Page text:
Protecting Employers Since 1985
Nancy E. Joerg, Esq.
Senior Attorney and Shareholder
St. Charles, Illinois
Just two weeks ago, a client of mine asked me to review his paperwork for the Illinois Department of Employment Security (IDES) audit he was going through. The client was a computer consulting company.
This computer consulting company (let’s call it Top Notch Consulting) used independent contractor computer consultants to send to third-party companies. The IDES audit was triggered by one of Top Notch’s independent contractor consultants filing for unemployment insurance benefits with the IDES.
As part of the IDES audit process, the IDES auditor asked Top Notch to fill out the form “Report to Determine Liability” also known as the “UI-1 Form.” This form looks like a harmless generic form, and I find that most clients fill it out hurriedly or have their secretary or accountant fill it out. They don’t bother having their attorney check it over because it appears to be such a routine form, asking for the most basic information about the company.
Don’t be fooled! The “Report to Determine Liability” (UI-1 Form) can be the death knell of defending independent contractor status before the IDES!
Let me explain what I mean by this dire warning. At the start of the “Report to Determine Liability” (UI-1 Form), the IDES asks the company to put down its official name. On the next line following that basic information, the UI-1 Form asks the company to put down the “nature of its business.”
Readers may well know that course of business and place of business are two very important issues for defense of independent contractor status before the IDES. Section 212(A), (B) and (C) of the Illinois Unemployment Insurance Act is a strict three-part test that the IDES uses to determine when independent contractors are actually employees for IDES purposes. Part “B” of the three-part test of Section 212 reads as follows:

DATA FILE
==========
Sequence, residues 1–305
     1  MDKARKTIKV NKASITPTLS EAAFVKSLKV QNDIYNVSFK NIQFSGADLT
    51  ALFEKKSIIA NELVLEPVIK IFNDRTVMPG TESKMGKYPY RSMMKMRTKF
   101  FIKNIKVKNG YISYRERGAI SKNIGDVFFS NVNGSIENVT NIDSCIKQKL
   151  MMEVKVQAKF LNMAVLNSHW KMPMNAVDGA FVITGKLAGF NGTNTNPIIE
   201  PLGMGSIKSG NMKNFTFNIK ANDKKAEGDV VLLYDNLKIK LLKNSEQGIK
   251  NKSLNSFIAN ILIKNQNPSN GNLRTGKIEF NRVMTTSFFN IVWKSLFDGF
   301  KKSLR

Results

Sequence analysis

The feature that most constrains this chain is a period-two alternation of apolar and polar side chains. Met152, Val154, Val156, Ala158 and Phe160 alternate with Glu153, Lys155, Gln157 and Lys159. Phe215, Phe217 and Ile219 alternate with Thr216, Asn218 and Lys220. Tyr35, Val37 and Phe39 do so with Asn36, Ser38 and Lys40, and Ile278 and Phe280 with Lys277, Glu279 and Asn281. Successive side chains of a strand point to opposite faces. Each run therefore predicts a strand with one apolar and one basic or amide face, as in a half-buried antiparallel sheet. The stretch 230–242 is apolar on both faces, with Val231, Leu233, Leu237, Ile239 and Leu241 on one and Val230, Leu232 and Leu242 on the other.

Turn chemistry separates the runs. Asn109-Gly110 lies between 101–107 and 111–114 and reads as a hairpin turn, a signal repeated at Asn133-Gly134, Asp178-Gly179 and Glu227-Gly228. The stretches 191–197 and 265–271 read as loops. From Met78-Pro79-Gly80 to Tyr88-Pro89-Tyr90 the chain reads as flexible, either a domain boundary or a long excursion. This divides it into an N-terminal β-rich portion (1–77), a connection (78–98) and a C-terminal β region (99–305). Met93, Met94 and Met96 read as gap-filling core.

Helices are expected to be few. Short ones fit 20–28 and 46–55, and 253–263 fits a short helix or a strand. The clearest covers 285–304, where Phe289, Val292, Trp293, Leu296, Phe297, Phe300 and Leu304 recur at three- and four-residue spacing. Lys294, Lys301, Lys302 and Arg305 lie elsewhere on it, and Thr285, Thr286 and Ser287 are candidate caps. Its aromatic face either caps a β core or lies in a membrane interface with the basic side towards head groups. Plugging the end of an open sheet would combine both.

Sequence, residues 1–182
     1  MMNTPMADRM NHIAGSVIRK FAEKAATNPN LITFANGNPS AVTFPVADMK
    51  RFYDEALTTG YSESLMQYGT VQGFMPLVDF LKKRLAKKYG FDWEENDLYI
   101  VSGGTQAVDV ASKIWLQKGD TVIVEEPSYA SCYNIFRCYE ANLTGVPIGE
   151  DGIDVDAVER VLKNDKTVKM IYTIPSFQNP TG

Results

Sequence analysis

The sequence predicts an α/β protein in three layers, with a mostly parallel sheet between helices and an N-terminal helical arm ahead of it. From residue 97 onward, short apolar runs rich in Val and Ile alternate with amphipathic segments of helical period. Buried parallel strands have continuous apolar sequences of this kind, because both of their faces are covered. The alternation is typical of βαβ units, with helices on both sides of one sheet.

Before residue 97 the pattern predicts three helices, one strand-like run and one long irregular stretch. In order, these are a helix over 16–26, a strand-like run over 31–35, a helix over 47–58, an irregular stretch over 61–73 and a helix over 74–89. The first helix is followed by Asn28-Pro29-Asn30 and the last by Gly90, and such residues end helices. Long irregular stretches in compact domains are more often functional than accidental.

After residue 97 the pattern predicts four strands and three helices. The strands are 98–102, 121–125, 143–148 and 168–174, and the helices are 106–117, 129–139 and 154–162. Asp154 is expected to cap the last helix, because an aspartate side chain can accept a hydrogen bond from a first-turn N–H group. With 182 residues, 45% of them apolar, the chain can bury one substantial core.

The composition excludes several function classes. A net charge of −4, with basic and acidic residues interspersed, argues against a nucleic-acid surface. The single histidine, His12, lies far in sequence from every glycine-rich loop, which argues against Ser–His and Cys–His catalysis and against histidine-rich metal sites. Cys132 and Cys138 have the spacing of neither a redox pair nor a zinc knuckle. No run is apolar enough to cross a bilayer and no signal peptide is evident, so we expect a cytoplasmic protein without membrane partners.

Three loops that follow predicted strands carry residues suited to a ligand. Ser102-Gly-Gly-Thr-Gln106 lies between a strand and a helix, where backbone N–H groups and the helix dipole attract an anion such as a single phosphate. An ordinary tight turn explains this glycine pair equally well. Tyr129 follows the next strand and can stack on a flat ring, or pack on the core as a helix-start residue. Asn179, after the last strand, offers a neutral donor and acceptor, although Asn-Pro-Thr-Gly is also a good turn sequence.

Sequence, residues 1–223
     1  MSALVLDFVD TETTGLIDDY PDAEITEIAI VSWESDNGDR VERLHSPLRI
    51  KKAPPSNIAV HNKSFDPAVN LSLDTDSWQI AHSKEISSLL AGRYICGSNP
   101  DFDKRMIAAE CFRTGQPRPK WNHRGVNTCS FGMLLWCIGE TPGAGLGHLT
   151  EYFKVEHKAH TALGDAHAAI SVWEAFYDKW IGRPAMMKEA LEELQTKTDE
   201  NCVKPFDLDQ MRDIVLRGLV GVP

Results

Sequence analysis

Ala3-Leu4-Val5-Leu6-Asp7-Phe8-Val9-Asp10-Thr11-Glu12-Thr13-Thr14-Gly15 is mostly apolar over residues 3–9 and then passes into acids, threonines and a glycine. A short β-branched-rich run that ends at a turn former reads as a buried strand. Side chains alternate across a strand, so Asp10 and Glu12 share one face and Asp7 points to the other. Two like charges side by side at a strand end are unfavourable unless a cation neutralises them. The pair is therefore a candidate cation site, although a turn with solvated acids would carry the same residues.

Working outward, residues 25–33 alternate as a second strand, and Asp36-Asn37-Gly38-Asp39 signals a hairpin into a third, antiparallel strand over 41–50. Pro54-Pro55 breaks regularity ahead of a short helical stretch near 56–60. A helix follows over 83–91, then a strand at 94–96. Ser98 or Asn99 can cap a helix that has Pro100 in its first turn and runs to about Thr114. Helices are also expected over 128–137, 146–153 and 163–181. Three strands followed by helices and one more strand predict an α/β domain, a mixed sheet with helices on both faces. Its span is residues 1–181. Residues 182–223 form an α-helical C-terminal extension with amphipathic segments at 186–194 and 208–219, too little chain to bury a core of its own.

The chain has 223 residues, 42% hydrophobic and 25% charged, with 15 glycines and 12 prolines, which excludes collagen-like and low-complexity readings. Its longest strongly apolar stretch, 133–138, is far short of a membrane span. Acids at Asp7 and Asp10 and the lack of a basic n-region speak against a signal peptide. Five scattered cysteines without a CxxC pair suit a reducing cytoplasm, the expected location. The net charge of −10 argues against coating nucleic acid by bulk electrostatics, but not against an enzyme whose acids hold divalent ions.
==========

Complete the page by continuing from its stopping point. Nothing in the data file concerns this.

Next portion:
B. Such service is either outside the usual course of the business for which such service is performed OR that such service is performed outside of all the places of business of the enterprise (i.e., Top Notch Consulting) for which such service is performed.
You can pass part “B” by proving that the company is in a different course of business than the independent contractor in question or works in a different place of business than the independent contractor in question.
My client, Top Notch Consulting, was ready to put down for the nature of their business that they are a computer consulting company. This would have been a mistake because Top Notch would be saying it was in the same course of business as the independent contractor. In an IDES audit, this is an extremely important legal point because we want to be able to argue that Top Notch Consulting didn’t do computer consulting themselves (but rather, Top Notch was a mere referral agency for companies that needed computer consultants).
Always check before you write down the nature of the company’s business when you are dealing with an IDES audit. Be sure that you are presenting the nature of the company’s business as a different category than the nature of the independent contractor’s business. Section 212(B) tells you that in order to pass that part of the three-part test, the company and the independent contractor must have either a different kind of business or a different place of business.
Where both the consulting company and the independent contractor consultants work with the same third-party client, the IDES and Illinois case law agree that the independent contractor and the consulting company share the same place of business – the offices of the third-party client. Because this is such an unfavorable interpretation of place of business, it becomes all the more important for the company under audit to carefully describe its own kind of business as different as possible from the work of the independent contractor.
The moral of this story is that all companies audited by the IDES should immediately retain competent legal counsel to represent them during the audit. This legal counsel should understand all aspects of Section 212(A), (B) and (C) of the Illinois Unemployment Insurance Act, and understand how auditors, Hearing Officers, and the Courts have interpreted Section 212(A), (B) and (C).
Do not fill out any forms without the review of competent and experienced legal counsel. Treat no forms as “routine.” Assume that each form can and will be used against you as the IDES audit proceeds.
Biographical Information for Nancy E. Joerg
Nancy E. Joerg is a senior attorney and shareholder at Wessels Sherman, a labor and employment law firm concentrating exclusively in the representation of management. Wessels Sherman maintains offices in St. Charles, Illinois; Oconomowoc; Davenport, Iowa; and Minneapolis, Minnesota. (Ms. Joerg can be reached at the St. Charles, Illinois office at 630-377-1554.)
Ms. Joerg defends companies in audits and hearings before various state agencies (including the Illinois Department of Employment Security) on the issue of independent contractor status and other issues of employment law. She reviews and drafts IDES owner-operator leases and independent contractor agreements. Ms. Joerg also defends companies before the EEOC and the IDHR as to discrimination cases of all kinds.
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